Axon offers three serializer implementations; Xstream, Jackson, and the java serializer. Xstream is the one enabled by default. You could also write one yourself (for example to serialize to YAML). However, simply because I like JSON more than I like XML I have configured axon to use Jackson by writing the following spring boot config.


Now Jackson is in charge! And Jackson has just the feature we need for our cause; custom serializers. You can write your own serializers so certain Java classes are serialized in the way you want them. By creating a PersonalData wrapper for a String we can say to Jackson not to serialize the value of the String, but anything we want instead. You can see the effect of this in the following code.


We can now instruct Jackson that every PersonalData object present in an event, metadata, or other location, it should serialize this in another way. In our serializer we will lookup or write the value to a database table and store the id in the JSON instead.
This way personal data never even enters the event store while we can still access the value whenever we want. It also allows us to delete or mask the personal data without altering the event store in any way. Let’s get the serializer to work:


As you can see, it is pretty simple. Whenever this serializer encounters a PersonalData class, it will write that value to a database using the ‘PersonalDataStore’, get its id and write that in the JSON instead. We can also use the same principle to revert the process and access the data again. This is what our deserializer does:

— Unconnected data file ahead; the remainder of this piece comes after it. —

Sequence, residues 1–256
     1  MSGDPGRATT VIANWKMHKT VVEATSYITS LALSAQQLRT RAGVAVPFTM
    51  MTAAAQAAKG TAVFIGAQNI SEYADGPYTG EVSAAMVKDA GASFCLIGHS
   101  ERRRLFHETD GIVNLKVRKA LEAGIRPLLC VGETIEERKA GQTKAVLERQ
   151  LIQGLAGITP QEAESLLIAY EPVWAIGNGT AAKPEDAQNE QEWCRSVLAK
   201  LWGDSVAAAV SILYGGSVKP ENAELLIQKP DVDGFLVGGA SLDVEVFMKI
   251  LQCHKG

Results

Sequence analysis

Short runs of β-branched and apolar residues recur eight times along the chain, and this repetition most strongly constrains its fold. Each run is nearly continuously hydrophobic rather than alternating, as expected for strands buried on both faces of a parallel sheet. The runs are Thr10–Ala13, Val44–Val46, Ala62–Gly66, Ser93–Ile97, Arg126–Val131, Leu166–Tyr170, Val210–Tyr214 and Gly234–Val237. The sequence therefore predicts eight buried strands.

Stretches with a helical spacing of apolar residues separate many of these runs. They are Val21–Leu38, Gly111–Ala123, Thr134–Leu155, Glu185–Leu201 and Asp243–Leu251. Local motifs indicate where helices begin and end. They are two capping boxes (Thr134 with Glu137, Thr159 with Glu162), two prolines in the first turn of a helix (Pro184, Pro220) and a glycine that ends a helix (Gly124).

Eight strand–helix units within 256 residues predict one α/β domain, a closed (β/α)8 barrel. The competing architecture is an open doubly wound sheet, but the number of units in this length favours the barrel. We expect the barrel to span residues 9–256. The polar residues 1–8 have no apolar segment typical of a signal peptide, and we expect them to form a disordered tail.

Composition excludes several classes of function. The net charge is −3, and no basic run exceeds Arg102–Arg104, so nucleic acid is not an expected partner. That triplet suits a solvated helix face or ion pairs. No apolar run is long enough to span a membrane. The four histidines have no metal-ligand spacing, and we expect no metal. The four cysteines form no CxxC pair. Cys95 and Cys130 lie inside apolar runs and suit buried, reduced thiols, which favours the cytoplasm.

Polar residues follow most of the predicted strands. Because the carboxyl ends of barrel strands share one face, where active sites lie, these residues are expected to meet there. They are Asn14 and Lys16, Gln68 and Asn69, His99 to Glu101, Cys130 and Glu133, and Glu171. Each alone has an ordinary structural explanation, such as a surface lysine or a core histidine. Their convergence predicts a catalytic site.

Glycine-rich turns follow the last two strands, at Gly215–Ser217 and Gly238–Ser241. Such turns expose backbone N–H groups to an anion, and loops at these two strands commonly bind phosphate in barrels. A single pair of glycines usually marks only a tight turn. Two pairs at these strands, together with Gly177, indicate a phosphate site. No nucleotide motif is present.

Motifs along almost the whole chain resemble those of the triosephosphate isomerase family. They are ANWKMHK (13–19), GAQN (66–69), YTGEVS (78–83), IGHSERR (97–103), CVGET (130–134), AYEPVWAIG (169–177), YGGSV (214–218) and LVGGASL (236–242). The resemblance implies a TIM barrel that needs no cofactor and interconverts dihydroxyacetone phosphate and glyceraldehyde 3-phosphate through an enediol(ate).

In conclusion, this approach enables you to keep personal data out of your event store while still being able to see the data, delete the data or mask the data. The only thing you have to do is wrap it in a PersonalData class. Great, isn’t it?

 

Demo time

Let’s take a look at the following aggregate. The aggregate keeps a user’s real name, wrapped in a PersonalData object.  This allows access to the value while prohibiting it from being stored in the event store or in snapshots. In all other ways, it works the same as a String value would.


When we now create an account through the REST-endpoint, the following event is published by the Aggregate.


As you can see. there is no personal data present in the event. Of course, the personal data is still there but is stored in a database table as you can see below.
Personal data in the table

This means we have succeeded in keeping the personal data out of our event store!

More code?

I cannot post all the code here, so I selected the important bits and pieces. You can find the full source code of the demo application here: https://github.com/Morlack/axon-102/tree/main/personal-data/src/main/java/com/insidion/axon102
Take a look and try it out for yourself!

Caveats

All power comes at a price. Each time events containing personal data are read it’s necessary to consult a database table. That means the application is a little bit slower when reading and writing events, but I think the impact is negligible unless you got insane amounts of personal data in events, as the lookup is very fast. You can use Spring Boot caching with Caffeine to improve the performance. We use it in our projects and I highly recommend it.

The serializer approach we present here can only be used for new events or entire projects. Projects that already have personal data in their event store are at a disadvantage since the store already contains it, so you have to get it out first or decide only new data is written to the database table. It is never too late to implement it and write an upcaster to take advantage of it!

Conclusion

You can use Jackson to your advantage in order to keep personal data from your event store. This saves you the hassle of (illegally) editing your event store or deleting events, if these are even possible. The next Axon Framework 102 blog will focus on using metadata in your Aggregate and projections in an efficient manner, stay tuned!

Mitchell is an enthusiastic developer for codecentric Netherlands with a knack for back-end development, cloud architecture and CI/CD practices. He believes in the Event-Sourced world of tomorrow.